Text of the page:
It’s quite possible that if Scott Hammons, vice president of design and construction for Bethesda, Maryland-based DiamondRock Hospitality, hadn’t attended the New Paltz campus of the State University of New York, he never would have found his way into hospitality.
More than anything this is due to the allure of neighboring Victorian-era resort, Mohonk Mountain House. “I got a summer job and wound up working there for five years in pretty much every department and learning the value of experiential hospitality.”
A five-year stint at Kimpton Hotels & Restaurants followed, leading to his deepening understanding of lifestyle brands. As Hammons worked to launch Kimpton’s first East Coast properties, he experienced “an ‘aha moment’ that even downtown business hotels didn’t have to be cookie-cutter,” he says. “I was involved in weaving the story of each hotel into everything from the names of the meeting rooms to the design of the do not disturb door hangings.”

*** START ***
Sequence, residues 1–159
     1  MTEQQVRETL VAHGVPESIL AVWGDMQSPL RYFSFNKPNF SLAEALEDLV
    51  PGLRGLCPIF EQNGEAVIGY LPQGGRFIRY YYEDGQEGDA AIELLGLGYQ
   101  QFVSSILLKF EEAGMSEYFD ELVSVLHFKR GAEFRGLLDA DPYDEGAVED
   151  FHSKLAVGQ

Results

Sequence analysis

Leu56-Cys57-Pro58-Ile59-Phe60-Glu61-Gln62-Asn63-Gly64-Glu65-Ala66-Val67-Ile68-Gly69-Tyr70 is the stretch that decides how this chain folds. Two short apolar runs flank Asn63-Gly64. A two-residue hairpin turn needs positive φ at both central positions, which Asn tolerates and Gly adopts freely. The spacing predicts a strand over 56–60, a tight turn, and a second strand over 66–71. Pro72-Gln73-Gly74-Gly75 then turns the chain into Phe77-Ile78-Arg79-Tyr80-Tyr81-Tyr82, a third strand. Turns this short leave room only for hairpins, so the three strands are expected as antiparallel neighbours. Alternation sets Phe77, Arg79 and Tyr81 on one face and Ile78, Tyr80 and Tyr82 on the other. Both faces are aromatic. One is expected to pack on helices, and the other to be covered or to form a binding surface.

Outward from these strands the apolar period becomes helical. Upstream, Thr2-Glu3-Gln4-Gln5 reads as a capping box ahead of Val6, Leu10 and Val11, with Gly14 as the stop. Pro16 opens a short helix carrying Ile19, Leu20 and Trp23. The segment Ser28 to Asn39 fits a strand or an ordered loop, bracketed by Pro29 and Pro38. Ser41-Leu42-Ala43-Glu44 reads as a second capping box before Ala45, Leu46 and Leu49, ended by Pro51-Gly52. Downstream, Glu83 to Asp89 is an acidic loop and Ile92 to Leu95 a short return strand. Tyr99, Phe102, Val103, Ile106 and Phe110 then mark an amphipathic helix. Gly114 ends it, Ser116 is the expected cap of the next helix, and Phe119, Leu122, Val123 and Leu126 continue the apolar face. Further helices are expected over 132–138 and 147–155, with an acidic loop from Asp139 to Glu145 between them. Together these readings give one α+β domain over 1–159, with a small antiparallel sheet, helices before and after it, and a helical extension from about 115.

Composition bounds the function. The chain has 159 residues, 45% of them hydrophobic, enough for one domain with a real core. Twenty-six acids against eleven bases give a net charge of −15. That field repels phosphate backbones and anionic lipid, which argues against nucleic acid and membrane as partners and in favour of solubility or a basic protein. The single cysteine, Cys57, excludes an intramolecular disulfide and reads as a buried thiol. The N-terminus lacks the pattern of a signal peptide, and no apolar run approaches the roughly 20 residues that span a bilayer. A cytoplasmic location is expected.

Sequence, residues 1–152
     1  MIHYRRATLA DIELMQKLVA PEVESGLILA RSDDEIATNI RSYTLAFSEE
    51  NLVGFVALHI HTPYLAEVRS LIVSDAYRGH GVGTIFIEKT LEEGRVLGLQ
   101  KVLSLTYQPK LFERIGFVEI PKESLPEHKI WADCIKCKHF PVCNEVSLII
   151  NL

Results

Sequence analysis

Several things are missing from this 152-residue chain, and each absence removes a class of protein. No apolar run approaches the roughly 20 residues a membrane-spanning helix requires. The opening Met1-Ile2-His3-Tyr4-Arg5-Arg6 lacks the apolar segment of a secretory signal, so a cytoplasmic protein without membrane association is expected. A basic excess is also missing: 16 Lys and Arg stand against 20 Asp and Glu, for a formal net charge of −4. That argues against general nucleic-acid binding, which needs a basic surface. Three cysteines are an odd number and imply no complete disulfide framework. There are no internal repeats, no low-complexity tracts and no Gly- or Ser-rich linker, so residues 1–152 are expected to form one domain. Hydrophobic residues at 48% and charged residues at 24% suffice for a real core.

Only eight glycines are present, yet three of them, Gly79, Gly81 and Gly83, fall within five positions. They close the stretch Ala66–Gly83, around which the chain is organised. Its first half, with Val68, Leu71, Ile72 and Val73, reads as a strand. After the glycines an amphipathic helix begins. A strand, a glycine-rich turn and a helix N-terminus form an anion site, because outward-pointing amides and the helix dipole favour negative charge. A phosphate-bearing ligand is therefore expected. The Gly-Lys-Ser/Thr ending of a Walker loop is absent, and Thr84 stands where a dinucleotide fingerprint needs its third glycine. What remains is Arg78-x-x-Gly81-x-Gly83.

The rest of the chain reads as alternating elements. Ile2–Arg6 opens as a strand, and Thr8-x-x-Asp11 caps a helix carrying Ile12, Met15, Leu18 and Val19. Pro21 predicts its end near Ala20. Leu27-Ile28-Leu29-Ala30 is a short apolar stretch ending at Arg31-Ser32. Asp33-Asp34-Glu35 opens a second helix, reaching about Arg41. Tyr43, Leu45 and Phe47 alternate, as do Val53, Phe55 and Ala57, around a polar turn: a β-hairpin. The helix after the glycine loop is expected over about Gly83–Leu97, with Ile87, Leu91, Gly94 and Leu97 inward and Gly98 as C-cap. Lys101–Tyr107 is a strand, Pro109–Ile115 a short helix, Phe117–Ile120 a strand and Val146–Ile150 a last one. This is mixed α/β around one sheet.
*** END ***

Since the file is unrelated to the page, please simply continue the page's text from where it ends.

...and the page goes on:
Bigger projects followed, including reopening the historic Gramercy Park Hotel in New York with Ian Schrager (“I learned about attention to detail” working with the visionary hotelier, he says) and, as director of project management for Hilton, helping reposition the massive Hilton New York Midtown and the iconic Art Deco Waldorf-Astoria New York, among others.
It was a trajectory that eventually led to his role at real estate investment trust DiamondRock, an ownership group that specializes in retooling existing properties. “One of the interesting parts of my career,” Hammons says, “is that I’ve never been responsible for a new build.” In fact, he believes working in historic and existing buildings to be a more rewarding endeavor, and finds the energy of collaborating with design firms—including Wilson Ishihara, EoA, HBA, and more—as both playful and inspiring.
As DiamondRock begins to rebound from the construction delays caused by the coronavirus pandemic, Hammons is looking ahead to more unique unveilings—including an update to the lobby and Toro restaurant at the JW Marriott at Denver Cherry Creek from Los Angeles firm Beleco. “We’re a lot more involved in the design process than other ownership groups,” he points out. “We’re happy to challenge the brands we work with to push the envelope.”
This article originally appeared in HD’s July 2020 issue.